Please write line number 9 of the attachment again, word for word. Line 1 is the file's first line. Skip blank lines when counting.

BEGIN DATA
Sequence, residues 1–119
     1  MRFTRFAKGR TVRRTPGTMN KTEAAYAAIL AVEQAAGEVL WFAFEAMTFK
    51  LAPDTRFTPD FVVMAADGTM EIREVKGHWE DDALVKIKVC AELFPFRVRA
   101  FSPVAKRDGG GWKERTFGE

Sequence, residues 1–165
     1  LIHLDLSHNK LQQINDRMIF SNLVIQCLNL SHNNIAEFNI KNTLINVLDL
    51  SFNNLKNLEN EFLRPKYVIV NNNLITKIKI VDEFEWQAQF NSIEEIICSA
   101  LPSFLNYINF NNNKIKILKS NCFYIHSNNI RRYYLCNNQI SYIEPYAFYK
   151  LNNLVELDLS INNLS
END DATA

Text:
   151  LNNLVELDLS INNLS